Pressure on our local authorities is mounting.
Yesterday, behind closed doors, those local authorities with responsibility for Adult Social Care demanded that the Local Government Association make more effort to better represent their interests in the Whitehall and the media. The real scale of the financial pressures counties are grappling with is not well understood and there is a desperate need for a debate on how we fund care for our aging population.
There is also tension emerging between those who have responsibility for Adult Social Care and those who control the planning in two tier systems of local government. The reluctance of planning authorities to embrace a growth agenda is restricting the funding that can filter up to counties to pay for Adult Social care.
Professor Edward Deming, one of the fathers of the total quality movement in the 1950s, wrote about how change only comes out of a crisis. Government has placed far too much pressure in recent years on local authorities. The sector has managed that change better than almost any other part of our public sector, but now the rising costs are placing it under unbelievable financial stress.
With central Government looking for a further 6% of cuts in the next few years, increased funding from Westminster is highly unlikely. In addition, we are now only months away from the Revenue Support Grants being abolished. The lost grant and the gap between income and expenditure is now looming like the iceberg that hit the titanic.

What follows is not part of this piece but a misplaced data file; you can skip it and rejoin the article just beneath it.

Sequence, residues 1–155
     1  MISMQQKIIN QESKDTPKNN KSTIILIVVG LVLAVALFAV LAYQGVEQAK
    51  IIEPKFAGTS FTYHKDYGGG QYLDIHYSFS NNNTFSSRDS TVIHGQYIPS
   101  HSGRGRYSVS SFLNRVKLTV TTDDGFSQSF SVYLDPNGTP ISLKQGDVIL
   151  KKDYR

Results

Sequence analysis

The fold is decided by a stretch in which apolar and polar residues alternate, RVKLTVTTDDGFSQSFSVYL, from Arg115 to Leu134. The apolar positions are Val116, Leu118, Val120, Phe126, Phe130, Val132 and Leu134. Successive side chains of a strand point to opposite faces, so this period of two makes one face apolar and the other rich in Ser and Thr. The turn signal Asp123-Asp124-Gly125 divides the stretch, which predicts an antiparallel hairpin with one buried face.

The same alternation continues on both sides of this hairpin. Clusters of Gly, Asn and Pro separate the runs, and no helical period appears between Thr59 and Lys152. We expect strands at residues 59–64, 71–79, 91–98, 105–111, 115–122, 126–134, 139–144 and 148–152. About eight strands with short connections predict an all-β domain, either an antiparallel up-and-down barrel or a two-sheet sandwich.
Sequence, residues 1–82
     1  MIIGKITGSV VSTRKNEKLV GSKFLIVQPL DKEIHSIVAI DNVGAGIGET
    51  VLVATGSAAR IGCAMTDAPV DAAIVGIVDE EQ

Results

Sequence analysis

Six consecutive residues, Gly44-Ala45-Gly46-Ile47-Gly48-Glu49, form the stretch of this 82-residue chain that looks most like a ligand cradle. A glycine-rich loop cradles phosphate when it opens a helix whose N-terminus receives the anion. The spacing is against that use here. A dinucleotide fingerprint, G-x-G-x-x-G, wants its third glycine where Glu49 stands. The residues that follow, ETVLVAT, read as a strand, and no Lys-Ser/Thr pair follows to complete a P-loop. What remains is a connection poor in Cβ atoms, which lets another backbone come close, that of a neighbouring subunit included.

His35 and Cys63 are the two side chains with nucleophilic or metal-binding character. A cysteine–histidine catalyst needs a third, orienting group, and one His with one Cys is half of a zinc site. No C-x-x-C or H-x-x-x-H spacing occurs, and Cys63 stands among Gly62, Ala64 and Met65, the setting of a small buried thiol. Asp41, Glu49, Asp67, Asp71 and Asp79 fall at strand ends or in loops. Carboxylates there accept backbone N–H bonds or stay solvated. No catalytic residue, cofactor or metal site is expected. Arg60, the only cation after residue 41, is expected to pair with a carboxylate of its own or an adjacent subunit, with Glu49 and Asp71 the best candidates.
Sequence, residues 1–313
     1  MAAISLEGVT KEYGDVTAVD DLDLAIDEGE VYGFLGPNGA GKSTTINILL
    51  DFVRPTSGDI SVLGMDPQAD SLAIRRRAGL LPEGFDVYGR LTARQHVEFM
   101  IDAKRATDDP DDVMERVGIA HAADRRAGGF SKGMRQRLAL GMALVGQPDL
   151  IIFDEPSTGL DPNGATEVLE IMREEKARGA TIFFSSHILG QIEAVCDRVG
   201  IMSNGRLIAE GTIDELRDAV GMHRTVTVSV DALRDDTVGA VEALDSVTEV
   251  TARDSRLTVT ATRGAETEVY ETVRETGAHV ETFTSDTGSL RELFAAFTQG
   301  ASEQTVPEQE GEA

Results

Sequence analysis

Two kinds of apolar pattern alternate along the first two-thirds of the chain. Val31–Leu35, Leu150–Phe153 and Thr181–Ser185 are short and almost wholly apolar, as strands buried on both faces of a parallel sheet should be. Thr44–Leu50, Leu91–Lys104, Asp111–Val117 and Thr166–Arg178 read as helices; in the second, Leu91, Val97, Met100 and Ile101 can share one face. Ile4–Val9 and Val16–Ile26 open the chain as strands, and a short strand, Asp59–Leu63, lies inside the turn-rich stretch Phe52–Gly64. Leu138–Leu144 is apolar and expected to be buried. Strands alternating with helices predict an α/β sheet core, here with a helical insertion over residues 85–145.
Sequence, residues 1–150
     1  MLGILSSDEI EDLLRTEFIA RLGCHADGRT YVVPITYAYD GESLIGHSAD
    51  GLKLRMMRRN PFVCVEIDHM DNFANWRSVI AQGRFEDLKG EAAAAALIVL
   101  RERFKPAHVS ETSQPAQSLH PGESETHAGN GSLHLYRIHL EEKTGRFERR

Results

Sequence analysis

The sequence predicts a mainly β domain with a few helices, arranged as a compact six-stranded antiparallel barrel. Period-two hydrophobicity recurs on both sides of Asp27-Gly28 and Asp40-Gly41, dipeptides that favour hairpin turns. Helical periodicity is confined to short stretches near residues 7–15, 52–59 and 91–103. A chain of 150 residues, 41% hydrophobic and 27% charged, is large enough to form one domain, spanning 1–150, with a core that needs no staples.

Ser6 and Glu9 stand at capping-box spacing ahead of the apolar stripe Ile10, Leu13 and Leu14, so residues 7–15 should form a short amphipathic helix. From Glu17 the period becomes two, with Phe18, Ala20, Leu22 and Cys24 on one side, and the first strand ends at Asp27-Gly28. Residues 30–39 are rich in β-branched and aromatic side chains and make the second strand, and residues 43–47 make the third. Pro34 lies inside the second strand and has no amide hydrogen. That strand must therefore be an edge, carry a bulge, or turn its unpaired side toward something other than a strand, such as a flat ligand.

Local government has several choices:
- Adopt a growth strategy and through their local plans increase income from new home owners and business users.
- Increase council tax each year for the foreseeable future.
- Close down all non statutory services and pare back costs to the lowest legally allowed.
Failure to do any will cause a complete melt down of some of our biggest local authorities. Some of all three would be the preferred option for many, keen not to be seen to rock the boat in any one extreme direction.
The next big reorganisational change could come from many counties seeking to become unitary authorities so they can eliminate the Districts and Boroughs that are seen as barriers to income generation. The new unitaries would once again protect the most vulnerable in our society by growing the local economy to support their costs.
Dramatic change is inevitable, the crisis in funding for Adult Social Care will help facilitate it.